We face a problem of epidemic proportions.
So much information about the growing prevalence of Alzheimer’s and related dementias has been in the news. The reports have had a sense of urgency that we find solutions to this growing issue. Solutions exist in the form of nonpharmacologic interventions that have been shown to minimize dementia-related problems. However, solutions cannot be implemented without proper training.
According to the Alzheimer’s Association, there are approximately 5.4 million Americans living with Alzheimer’s disease (AD). As the baby boomer generation ages, the number of people age 85 and older anticipated to have AD by the year 2050 is 7 million (Alzheimer’s Association, 2016). Evidence indicates that 68% of nursing home residents are impacted by dementia, with as much as 41% functioning at the moderate to severe level of impairment (Joint Commission, 2014).
The use of antipsychotic medications to manage the behaviors associated with Alzheimer’s/dementia is typically ineffective and may have poor outcomes. Best practices in dementia care indicate that alternative approaches to medication can be effective in preventing and managing the behaviors associated with AD (Kales, Gitlin, & Lyketsos, 2014).
National and state initiatives
Several national initiatives are underway to address healthcare service delivery for those impacted by dementia. The National Alzheimer’s Project Act (NAPA) was enacted in 2011 (Alzheimer’s Association, n.d.). From this act, the National Plan to Address Alzheimer’s Disease (National Plan) was developed in 2012 (National Plan, 2016). This strategic plan identifies core initiatives to address specific areas within our society that are affected by Alzheimer’s disease.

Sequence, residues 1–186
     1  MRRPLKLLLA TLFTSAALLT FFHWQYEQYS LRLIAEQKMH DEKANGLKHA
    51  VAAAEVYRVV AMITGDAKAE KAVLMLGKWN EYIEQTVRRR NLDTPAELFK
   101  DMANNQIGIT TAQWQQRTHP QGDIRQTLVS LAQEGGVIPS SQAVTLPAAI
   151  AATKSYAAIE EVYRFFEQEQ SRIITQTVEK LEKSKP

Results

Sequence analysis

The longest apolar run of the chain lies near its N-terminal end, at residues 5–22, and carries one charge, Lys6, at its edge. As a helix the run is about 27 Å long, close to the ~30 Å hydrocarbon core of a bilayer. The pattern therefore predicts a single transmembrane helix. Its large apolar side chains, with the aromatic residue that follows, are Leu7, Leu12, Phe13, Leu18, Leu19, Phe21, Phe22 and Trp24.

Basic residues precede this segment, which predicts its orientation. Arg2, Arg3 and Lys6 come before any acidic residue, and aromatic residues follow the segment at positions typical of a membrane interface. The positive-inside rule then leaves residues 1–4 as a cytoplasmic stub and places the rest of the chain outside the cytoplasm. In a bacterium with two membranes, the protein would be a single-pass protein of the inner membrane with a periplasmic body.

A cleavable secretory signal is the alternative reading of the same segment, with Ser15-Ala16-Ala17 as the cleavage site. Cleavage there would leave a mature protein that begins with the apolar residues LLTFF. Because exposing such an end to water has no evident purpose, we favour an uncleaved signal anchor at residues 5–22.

Many states have written plans in response to the National Plan [PDF]. Education is a core component of this initiative. Pre-service and in-service education is being evaluated to determine where improvements in education can be made. There is also a movement to educate family members—the informal, unpaid caregivers.
Photo: baranozdemir / iStock
The National Partnership to Improve Dementia Care in Nursing Homes
originated in 2012. This initiative focuses on the reduction of anti-psychotic medication use in nursing home residents living with dementia, as well as on promoting person-centered care for those individuals living with Alzheimer’s disease and related dementias (ADRD) (CMS, 2016). It was through the National Partnership to Improve Dementia Care in Nursing Homes initiative that the Focused Dementia Survey
was piloted in 2014 and 2015 (CMS, 2016). Areas of focus within this targeted survey include:
- Person-centered schedules for daily routines.
- Activities that promote physical and emotional well-being.
- Comprehensive and standardized assessments that generate comprehensive care plans.
- Demonstration that non-pharmacological interventions were used prior to the inclusion of medication to manage behaviors associated with dementia.
Why is training so urgently needed?
Education is necessary to ensure that all who provide direct care are equipped with the tools they need to successfully support and engage a person living with ADRD at every stage of the disease.
It is not enough to remove anti-psychotic medications from a person’s plan of care. If health care professionals serving those with ADRD do not have proper skills to evaluate, treat, and train others, people with ADRD and their caregivers will suffer immensely. For care partners to be successful, they need to know how to engage the resident living with dementia (you can read more about the need for this kind of staff training here
). This requires specialized care approaches that incorporate knowledge of stage-specific abilities and person-centered approaches that are customized from the individual’s life story
Education is necessary to help our care partners assimilate a new perspective in best practice in dementia care.